There are many reasons why this is happening, but it’s not statistical trickery. It’s true that fewer people are dying of gunshot wounds (last year 28% of gun victims died in the hospital, and this year 20% did) but still the shootings are down 15%. We really are seeing fewer violent crimes.
I’ll include my usual reminder that gun violence has been Philadelphia’s most successful affordable housing program. People generally try to live in areas where people don’t get shot all the time if they can afford to, and as you’ll see on the map at the link, land values in the more dangerous areas are lower. In the areas where violence starts to decline, land values go up.
There is a shortage of multi-family housing in safe walkable neighborhoods in cities nationwide, and when new Philadelphia neighborhoods become safe, they see not just local but East Coast demand, national demand, international demand.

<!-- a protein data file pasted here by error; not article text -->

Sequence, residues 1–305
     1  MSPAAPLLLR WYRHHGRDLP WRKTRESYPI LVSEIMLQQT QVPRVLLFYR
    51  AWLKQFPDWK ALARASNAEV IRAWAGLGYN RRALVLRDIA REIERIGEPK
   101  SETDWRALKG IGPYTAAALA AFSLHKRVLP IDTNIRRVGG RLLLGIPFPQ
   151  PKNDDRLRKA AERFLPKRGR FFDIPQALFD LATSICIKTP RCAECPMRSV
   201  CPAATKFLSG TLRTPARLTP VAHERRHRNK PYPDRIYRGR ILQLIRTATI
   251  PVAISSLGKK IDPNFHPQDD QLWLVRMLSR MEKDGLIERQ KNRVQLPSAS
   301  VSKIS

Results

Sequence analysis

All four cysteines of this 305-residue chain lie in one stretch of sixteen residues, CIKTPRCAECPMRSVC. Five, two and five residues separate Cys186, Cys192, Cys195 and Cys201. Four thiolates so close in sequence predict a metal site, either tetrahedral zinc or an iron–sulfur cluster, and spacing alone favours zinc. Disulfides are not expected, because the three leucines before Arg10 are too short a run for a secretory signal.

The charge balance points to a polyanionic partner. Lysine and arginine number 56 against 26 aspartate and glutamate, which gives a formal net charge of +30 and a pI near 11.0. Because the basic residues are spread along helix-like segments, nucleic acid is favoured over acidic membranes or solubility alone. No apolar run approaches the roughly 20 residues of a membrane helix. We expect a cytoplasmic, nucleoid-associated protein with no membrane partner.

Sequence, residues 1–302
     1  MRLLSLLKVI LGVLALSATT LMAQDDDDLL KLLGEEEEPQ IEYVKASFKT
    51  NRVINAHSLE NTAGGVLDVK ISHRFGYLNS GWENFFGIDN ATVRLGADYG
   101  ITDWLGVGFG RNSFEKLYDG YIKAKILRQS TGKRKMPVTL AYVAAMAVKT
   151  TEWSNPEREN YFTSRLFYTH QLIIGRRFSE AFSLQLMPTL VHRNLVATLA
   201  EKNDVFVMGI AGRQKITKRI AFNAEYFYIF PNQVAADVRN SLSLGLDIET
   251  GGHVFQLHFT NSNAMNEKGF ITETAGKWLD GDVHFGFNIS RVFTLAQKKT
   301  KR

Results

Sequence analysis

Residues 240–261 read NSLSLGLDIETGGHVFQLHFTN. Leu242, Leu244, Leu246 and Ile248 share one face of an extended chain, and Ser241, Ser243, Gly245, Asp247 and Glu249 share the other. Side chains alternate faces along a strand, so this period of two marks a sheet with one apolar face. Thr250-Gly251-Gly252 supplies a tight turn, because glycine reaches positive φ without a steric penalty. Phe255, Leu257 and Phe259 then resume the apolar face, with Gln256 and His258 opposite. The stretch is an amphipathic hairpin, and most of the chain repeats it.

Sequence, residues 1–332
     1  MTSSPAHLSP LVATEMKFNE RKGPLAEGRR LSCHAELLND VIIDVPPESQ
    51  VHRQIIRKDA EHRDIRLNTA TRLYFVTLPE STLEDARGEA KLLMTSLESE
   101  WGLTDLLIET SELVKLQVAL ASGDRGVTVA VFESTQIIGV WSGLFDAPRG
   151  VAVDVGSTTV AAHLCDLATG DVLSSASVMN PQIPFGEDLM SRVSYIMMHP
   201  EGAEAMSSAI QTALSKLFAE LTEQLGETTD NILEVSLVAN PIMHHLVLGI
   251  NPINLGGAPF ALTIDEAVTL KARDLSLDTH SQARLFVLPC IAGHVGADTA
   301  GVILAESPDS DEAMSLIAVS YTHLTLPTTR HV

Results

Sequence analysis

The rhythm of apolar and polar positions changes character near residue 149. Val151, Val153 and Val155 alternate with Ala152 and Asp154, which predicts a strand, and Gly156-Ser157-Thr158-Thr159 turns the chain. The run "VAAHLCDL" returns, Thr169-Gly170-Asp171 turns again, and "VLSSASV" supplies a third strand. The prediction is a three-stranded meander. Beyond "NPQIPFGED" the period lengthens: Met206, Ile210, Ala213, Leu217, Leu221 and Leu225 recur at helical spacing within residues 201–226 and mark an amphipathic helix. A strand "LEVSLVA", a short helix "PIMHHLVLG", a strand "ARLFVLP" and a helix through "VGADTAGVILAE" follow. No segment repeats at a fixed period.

Less national and international demand for Philly housing than for other big East Coast cities, but for the growing number of home buyers and renters choosing between NYC and Washington, DC and Philadelphia, this matters. If a violent Philly neighborhood on the outskirts of a neighborhood with better amenities becomes a safe place to live, you’re going to see land prices jump.
People are used to dealing with the problems of decline, but need to start thinking about how to keep housing affordable in a growing city with rising land values. As we fix our crime and schools problems, we’re going to see greater demand for land and housing. This is a great problem to have, but it is a problem, and it’s going to require a paradigm shift in policymakers’ thinking on land use and affordability.